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SO HQW'D LAST TIME?
E.M. Swift
August 02, 2004
Athens put on an odd show at the first modern Games
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August 02, 2004

So Hqw'd Last Time?

Athens put on an odd show at the first modern Games

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The 1896 Athens Olympics were a great experiment, closer in size to a county fair than to the spectacle that will be the focus of the world this summer. Resurrecting the ancient Greek athletic festival had been the dream of a young Frenchman, Baron Pierre de Coubertin, who believed in the unifying power of sport. In 1894 an athletic congress he organized voted to give Athens the first modern Games (the ancient ones, begun in 776 B.C., had been banned by a Roman emperor in 393 A.D.), but the news received little coverage. Few people had ever heard of the Olympics. Holland refused to send a team because its rigid notion of amateurism would have required each athlete to pay all his own expenses. The mighty New York Athletic Club had no interest in participating, either. But in the end 81 athletes from 13 countries joined the 230 Greek competitors at the Games, which took place April 6-15.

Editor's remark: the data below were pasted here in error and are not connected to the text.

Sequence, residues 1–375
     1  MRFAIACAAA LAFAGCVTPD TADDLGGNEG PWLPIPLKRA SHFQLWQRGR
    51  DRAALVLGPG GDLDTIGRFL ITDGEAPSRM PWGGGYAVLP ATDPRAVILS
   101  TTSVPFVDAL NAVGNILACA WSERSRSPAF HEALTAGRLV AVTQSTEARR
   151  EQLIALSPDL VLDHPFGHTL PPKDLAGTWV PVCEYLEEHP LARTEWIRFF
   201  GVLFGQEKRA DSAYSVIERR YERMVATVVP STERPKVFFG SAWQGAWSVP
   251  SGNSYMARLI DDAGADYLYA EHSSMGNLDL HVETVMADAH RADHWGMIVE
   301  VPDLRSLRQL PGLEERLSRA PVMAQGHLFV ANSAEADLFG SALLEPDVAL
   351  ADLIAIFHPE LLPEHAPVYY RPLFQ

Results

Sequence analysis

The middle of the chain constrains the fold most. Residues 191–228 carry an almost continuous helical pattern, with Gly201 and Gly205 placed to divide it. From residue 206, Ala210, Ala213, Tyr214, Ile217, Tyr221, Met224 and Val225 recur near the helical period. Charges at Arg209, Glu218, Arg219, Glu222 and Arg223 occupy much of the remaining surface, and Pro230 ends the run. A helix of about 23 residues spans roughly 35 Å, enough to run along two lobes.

The U.S. team was put together by de Coubertin's friend William Sloane, a Princeton history professor. Sloane recruited four Princeton track and field athletes, then turned to one of his former research assistants, John Graham, coach of the Boston Athletic Association. Graham filled out the team with seven BAA competitors plus a 27-year-old Harvard student, James Connolly. When a Harvard dean refused to give Connolly a leave of absence, he dropped out. He did not darken the gates of Harvard Yard again until 52 years later, when, having become a famous author of sea tales, he returned for his class reunion and was awarded a varsity letter sweater.